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Science Snippet: A Complex Relationship between Living Things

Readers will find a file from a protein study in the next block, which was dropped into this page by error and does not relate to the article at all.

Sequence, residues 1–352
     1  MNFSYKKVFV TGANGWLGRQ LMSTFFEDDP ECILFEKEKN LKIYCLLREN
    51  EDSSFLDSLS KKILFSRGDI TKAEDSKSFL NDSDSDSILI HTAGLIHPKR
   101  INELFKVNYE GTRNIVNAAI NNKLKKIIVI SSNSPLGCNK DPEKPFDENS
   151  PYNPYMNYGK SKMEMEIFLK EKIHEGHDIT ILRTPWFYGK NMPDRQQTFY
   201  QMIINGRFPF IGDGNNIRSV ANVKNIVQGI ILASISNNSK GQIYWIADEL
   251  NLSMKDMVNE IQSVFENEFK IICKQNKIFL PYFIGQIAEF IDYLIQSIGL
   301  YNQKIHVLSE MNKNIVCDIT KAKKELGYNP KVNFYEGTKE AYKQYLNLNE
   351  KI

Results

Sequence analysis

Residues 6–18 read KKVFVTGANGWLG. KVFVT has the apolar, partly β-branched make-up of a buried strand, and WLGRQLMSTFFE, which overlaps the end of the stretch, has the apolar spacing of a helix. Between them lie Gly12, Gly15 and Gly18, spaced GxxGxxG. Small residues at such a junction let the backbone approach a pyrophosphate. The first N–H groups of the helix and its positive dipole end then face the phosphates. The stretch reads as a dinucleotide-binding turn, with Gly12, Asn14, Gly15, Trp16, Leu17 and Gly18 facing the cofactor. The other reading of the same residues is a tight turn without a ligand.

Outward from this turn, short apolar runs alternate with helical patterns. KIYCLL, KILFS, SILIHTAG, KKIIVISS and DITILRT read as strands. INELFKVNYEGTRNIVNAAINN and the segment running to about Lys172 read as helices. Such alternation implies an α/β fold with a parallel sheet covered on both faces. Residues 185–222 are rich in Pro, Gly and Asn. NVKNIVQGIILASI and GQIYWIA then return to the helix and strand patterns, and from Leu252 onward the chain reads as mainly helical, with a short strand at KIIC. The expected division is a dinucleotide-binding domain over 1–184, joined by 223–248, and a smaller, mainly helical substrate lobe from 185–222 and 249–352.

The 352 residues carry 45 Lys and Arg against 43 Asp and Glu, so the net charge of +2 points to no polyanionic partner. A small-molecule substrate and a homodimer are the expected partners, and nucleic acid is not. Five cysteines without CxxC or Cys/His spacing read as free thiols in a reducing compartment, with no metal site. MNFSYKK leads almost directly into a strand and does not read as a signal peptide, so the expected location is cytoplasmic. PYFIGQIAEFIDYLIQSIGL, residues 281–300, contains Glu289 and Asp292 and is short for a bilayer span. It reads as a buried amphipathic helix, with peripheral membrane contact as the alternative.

When the body of a honeybee is pierced by the fangs of a spider, its internal fluids, sort of equivalent to our blood, oozes out through the wound. The stuff attracts Desmometopa flies, small insects that hurry up to the dying bee to feed on the gooey fluid. They love the stuff. In South Africa there are “parachute” plants (Ceropegia sandersonii) that produce cone-shaped flowers that depend on Desmometopa flies to cross-pollinate the species. The flowers release an odor that is identical to that associated with wounded honeybees. Foraging flies find the odor irresistible and dive into the flower looking for a wounded bee. Downward-directed hairs inside the flower cause flies to be trapped in a pile of pollen at the bottom of the cone, where they wallow around and become covered in pollen. When the flower finally begins to droop, the flies pop out and carry the pollen to other parachute plants, thus ensuring cross-pollination between plants. The entire sequence, from spiders to wounded honeybees to Desmometopa to parachute plants, illustrates the complex relationships that can exist between living things. (The Economist, 2016, Oct. 8 issue; Heiduk et al, 2016, in Current Biology, Oct. Issue)

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